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The Fundamentals of Composition
Photojournalists and wedding photographers; commercial photographers and those who specialise in portrait photography: their common talent is the ability to compose an image tantamount to visual storytelling.
Have you ever heard of the rule of thirds?
It is one of the most useful composition tools in photography, that consists of gridding your scene into a total of nine fields – three columns and three lines.
It seems counterintuitive, but centering your subject – capturing the main object you wish to photograph smack in the middle of the frame, makes your photo appear boring and without appeal.
Aligning your focal point with any of the resulting four dots the imaginary grid produces places your subject off-center, giving your shot more depth and punch.
The human eye is conditioned to roam from the upper left corner of a quadrant to the lower right corner, in effect creating a Z pattern, when scanning any image.
Centering your subject in the middle of your frame is likely to cause an uncomfortable disturbance in this natural pattern of eye movement.
If you learn how to use this golden proportion, you will have mastered one of the best tricks of professional photography!
Selling Yourself as a Professional Photographer
OK, so you know all about the basics of photography. You have selected the equipment that suits your situation and experimented with it.
You have watched photography tutorials and maybe even attended a workshop or two.
Your photography skills are coming along nicely, and you are now ready to aim your Nikon or other DSLR towards making money.
Where do you start?
Not that there is any shame in it, but without an academic background in photography – a Level 3 certificate or a BA Honors photography degree, you may have a hard time establishing credibility in the world of professional photography.
Ideally, working with established photographers is a great way to get your name out there; to let people know what you are capable of and how much you would charge for your services.
Therefore, it would be best to gain a bit of professional experience by working with a professional photographer.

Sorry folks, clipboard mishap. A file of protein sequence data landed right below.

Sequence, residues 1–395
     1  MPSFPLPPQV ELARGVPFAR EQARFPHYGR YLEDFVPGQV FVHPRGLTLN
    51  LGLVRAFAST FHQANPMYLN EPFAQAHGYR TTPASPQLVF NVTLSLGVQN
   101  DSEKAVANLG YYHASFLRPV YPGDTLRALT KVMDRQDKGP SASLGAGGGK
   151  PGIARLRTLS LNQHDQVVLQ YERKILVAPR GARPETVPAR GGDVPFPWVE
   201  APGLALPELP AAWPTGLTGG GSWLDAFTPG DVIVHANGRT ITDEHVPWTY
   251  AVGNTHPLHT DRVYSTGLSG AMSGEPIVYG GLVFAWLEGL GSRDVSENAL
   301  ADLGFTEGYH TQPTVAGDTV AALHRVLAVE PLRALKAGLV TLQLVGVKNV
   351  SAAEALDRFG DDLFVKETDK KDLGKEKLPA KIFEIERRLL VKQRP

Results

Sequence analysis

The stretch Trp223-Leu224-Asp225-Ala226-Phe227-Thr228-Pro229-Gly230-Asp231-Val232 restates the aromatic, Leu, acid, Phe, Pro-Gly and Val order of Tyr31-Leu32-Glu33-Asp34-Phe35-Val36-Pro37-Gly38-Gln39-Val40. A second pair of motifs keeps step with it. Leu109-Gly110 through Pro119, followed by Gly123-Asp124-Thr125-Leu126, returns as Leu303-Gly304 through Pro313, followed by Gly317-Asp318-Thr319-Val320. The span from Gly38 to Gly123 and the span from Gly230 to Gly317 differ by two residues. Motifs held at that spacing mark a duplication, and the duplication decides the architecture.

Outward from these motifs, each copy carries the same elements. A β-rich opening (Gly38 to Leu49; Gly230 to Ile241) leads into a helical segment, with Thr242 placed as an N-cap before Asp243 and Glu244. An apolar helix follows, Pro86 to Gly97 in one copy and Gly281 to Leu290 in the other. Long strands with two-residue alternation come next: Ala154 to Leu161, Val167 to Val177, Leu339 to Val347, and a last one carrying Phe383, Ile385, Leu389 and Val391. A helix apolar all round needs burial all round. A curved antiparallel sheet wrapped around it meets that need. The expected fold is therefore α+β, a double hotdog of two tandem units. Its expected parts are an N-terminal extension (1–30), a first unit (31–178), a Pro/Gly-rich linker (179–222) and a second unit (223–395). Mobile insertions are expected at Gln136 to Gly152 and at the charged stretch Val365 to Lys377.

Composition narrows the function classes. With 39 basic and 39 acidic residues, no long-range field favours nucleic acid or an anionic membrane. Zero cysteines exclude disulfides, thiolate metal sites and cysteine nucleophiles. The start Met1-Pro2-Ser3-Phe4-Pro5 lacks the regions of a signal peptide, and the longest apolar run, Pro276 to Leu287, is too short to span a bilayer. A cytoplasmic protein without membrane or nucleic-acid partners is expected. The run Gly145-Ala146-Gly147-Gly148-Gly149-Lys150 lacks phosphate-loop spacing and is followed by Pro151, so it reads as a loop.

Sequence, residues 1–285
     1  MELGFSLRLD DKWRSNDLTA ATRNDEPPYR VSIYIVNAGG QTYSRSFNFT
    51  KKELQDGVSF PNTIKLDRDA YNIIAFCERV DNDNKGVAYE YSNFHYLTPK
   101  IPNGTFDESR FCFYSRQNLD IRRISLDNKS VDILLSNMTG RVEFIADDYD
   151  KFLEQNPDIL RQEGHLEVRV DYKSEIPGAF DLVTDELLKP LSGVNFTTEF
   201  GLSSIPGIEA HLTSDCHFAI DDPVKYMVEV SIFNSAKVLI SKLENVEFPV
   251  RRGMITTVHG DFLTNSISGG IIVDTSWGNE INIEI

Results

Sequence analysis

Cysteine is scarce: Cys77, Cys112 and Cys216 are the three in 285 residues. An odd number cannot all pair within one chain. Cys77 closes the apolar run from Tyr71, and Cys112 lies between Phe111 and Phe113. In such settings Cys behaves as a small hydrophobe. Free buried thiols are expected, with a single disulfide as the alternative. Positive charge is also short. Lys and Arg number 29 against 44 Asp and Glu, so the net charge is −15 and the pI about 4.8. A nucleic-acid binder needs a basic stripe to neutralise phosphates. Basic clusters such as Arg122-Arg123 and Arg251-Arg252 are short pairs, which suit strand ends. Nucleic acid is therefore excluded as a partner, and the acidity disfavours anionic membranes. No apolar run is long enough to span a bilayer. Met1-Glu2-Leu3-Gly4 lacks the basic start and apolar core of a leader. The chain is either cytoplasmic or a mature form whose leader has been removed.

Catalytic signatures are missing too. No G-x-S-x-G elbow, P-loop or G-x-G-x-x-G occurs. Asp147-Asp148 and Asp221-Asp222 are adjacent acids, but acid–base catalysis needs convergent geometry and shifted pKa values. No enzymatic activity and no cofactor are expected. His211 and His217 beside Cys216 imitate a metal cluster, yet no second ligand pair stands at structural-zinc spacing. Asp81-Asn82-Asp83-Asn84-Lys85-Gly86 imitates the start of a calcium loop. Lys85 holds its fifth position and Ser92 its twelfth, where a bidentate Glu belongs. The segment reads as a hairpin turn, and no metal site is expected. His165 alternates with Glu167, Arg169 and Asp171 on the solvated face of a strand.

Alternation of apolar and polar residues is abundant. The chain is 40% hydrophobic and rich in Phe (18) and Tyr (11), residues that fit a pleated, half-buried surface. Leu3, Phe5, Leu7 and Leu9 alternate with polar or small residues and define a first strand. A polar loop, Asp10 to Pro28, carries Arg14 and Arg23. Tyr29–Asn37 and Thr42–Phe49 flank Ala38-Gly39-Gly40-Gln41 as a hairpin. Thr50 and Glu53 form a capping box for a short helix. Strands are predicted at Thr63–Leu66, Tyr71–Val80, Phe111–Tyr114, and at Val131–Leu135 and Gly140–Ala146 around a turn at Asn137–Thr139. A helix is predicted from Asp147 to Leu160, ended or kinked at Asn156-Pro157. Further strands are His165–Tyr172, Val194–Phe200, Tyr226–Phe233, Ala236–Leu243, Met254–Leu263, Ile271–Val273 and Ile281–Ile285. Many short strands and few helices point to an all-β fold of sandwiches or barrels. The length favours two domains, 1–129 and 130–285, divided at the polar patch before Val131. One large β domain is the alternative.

You may ask around: perhaps a studio photographer is looking for an apprentice? If you are interested in commercial photography, cast around those circles.
Sure, you might only carry props, brandish light meters and pose subjects, but doing so is a foot in the door to the world of advanced photography.
And, imagine how experienced you will look with such apprenticeships on your CV? With such shots in your portfolio?
We'll come back to portfolios in a moment...
Not every established photographer will put his/her name on snaps captured by assistants.
However, there are some whose trust in their protégées permit 'prentices to work the camera under counsel.
If your eye for composition and your technical skills are deemed suitably impressive, s/he may even allow you to publish your work under your own name!
Another avenue into the world of professional photography rests in your hands.
Your address book, social media contacts; friends and family: any one of them could lead to your very first gig!
In spite of today's more advanced communication channels, word of mouth remains the most effective form of advertising.
After talking yourself up to your family, friends, coworkers and neighbours, casting a wider net is the logical next step.
Attending events or visiting businesses related to the particular type of photography you wish to specialise in will enhance your chances of getting hired.
If wedding photography appeals to you, visit bridal shops and wedding planners.